Unlike many of its competitors, Google's (NASDAQ: GOOG) innovations go well beyond a new, slightly tweaked version of an existing smartphone or tablet. While Apple (NASDAQ: AAPL) once held the unofficial title as king of the innovators, but those days are long gone. Apple's refusal to push the envelope opened the door, and Google was more than happy to step in.
Even Nokia (NYSE: NOK) is attempting something new, as evidenced by its (high-end) Lumia 1520 and (low-cost) Lumia 1320 phablets. Though hardly in the same league as Google, at least Nokia is trying, and with explosive growth expected in larger-screen smartphones, Nokia's phablets could turn out to be major winners. Apple? Still nothing more than the usual phablet rumors.
In a class by itself
When Google first introduced Project Loon -- its effort to bring Wi-Fi connectivity to the masses using what amounts to weather balloons -- it seemed over-the-top, even for Google. The secretive floating barges, self-driving cars, and the use of white space to get users in Africa online seem tame by comparison to those odd-looking balloons. But that's what innovators do: push the boundaries.
On the face of it, Google's new Moto G hardly ranks with its other cutting-edge innovations; it's just another smartphone, right? But at $179 for an 8 GB unit or $199 for a 16 GB version, the Moto G could change the way users buy smartphones. That's because those prices are for an unlocked, no-contract unit for a legitimate smartphone. Mobile carriers aren't going to be fans, of course, since they love locking consumers into those two-year deals; that strategy limits customer churn with the hefty early termination fees and also solidifies revenue streams.
While Nokia offers lower-end phones and has enjoyed success with its Asha lineup and Lumia 520, particularly overseas, Apple's CEO Tim Cook has said more than once he has no interest in playing in low-cost mobile sandbox. As with most things, Google is willing and able to go where others won't (or can't) tread. And when it comes to its new Moto G, it can afford to sell it on the cheap because -- just as with Google's world-dominating Android OS -- both drive revenues into its primary business.
At the core, Google is still Google
Google, at the core, remains what it's always been: an advertising-revenue-generating machine. Of its $14.89 billion in revenue last quarter, $12.54 billion -- equal to about 85% of Google's total in Q3 -- came from advertising.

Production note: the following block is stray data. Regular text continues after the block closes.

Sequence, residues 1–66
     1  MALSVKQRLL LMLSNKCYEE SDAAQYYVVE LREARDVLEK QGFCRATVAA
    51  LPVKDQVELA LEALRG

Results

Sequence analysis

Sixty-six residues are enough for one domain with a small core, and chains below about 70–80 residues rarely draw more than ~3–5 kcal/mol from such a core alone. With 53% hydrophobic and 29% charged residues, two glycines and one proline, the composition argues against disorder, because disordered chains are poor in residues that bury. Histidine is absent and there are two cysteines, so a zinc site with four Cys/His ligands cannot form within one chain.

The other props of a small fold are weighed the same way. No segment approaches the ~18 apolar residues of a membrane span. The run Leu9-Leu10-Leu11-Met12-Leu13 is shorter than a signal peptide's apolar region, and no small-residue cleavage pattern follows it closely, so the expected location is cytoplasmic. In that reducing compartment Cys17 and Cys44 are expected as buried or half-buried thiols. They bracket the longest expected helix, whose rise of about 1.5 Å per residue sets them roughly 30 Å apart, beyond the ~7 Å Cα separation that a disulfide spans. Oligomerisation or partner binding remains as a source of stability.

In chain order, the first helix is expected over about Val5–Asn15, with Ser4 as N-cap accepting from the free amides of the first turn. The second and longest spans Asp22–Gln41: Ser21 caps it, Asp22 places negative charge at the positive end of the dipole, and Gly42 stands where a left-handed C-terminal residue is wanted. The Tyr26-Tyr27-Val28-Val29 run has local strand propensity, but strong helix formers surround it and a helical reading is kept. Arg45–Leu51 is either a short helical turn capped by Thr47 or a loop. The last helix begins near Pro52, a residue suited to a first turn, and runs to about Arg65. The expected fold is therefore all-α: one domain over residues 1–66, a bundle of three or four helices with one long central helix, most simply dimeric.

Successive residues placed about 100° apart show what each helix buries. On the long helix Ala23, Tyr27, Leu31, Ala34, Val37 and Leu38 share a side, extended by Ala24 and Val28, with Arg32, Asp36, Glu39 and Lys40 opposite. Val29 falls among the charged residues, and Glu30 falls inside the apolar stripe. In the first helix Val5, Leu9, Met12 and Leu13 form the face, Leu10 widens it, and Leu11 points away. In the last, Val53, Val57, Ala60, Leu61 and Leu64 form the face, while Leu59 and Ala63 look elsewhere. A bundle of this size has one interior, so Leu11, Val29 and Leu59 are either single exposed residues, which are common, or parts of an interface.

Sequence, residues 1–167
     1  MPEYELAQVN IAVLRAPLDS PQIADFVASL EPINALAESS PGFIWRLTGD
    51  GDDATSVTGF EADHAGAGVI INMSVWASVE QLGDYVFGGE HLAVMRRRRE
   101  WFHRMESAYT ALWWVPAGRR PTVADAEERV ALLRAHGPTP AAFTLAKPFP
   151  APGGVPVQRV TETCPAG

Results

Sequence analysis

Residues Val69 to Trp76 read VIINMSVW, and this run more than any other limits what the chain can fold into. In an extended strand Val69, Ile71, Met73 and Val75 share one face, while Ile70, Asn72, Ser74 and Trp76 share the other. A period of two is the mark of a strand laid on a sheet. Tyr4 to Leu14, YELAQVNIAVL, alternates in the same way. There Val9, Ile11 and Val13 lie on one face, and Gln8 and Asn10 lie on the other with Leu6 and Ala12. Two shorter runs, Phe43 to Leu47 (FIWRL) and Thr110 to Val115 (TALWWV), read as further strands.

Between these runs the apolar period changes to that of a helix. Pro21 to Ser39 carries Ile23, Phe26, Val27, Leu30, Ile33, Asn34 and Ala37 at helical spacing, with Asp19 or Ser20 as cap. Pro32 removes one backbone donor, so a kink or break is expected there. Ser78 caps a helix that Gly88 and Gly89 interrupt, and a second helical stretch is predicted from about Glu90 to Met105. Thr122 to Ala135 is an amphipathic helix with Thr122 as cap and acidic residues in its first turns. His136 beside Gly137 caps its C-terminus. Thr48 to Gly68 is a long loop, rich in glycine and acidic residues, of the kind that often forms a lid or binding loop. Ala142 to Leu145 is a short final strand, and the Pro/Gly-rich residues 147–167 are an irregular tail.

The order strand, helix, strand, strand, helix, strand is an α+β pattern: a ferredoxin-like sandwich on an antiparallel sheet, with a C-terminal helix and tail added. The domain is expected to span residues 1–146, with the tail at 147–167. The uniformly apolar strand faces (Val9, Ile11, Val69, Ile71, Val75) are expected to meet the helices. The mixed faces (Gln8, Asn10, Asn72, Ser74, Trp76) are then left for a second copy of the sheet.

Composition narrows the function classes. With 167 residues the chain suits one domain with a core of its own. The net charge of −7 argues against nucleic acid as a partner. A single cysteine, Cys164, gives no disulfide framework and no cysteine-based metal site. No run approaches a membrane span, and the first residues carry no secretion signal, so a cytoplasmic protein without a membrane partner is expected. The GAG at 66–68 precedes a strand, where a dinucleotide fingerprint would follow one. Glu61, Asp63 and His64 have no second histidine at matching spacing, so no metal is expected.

And Google's advertising revenue continues to grow, both sequentially and year over year. Last quarter's results were 4% higher than 2013's Q2, and a 15% improvement over the year-ago quarter. What's feeding all that growth? Android OS phone users (which accounted for 81% of all smartphones sold last quarter according to IDC), and others using Google's search engine. Search is what started it all at Google, and it remains the undisputed leader.
According to data-analytics provider comScore, there were 19.34 billion searches conducted in the month of October, up from 18.65 billion in September. Of all those searches, 66.9% were done using Google search. Microsoft was a distant second in search last month, with 18.1%, a slight 0.1% improvement from September, followed by Yahoo! in third with 11.1% share of the search market. It should be noted that Yahoo's shift to becoming content-driven site has negatively affected its use as a pure search-engine tool, which is just what CEO Marissa Mayer wants.
Final Foolish thoughts
There's a reason Google's stock price busted through the $1,000-a-share ceiling last month, and it wasn't some futuristic innovation. As fun as it is to discuss Google's balloons and cars, they're not driving Google's incredible growth: At least, not yet. When you peel away the layers, Google's still Google, and that's why it remains one of the best long-term growth investments opportunities in the world.
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